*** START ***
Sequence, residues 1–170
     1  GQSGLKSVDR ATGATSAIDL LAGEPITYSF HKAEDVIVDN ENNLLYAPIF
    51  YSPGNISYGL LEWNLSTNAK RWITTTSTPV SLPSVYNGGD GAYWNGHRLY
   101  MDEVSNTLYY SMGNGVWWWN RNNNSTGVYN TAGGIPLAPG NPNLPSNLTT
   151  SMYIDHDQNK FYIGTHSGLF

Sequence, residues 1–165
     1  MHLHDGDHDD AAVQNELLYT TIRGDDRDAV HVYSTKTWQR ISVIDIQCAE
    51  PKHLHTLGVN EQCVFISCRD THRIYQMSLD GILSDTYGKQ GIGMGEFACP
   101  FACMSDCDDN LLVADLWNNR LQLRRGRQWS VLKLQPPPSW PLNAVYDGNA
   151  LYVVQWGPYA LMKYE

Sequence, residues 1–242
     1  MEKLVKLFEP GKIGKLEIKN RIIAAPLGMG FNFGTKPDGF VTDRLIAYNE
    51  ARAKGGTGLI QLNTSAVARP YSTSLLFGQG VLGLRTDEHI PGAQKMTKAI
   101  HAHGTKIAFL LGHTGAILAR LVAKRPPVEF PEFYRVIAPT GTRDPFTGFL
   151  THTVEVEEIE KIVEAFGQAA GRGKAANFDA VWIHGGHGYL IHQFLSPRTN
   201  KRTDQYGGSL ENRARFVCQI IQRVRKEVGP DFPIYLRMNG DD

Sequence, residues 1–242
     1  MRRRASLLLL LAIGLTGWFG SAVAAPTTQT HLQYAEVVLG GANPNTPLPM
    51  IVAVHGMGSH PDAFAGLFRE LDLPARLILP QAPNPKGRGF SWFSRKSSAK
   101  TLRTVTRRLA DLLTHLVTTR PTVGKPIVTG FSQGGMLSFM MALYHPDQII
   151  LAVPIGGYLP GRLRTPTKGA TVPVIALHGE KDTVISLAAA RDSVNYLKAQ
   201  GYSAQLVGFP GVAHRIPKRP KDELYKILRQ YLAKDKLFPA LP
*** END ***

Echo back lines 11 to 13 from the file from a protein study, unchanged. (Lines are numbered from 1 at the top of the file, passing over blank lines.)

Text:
Sequence, residues 1–242
     1  MEKLVKLFEP GKIGKLEIKN RIIAAPLGMG FNFGTKPDGF VTDRLIAYNE
    51  ARAKGGTGLI QLNTSAVARP YSTSLLFGQG VLGLRTDEHI PGAQKMTKAI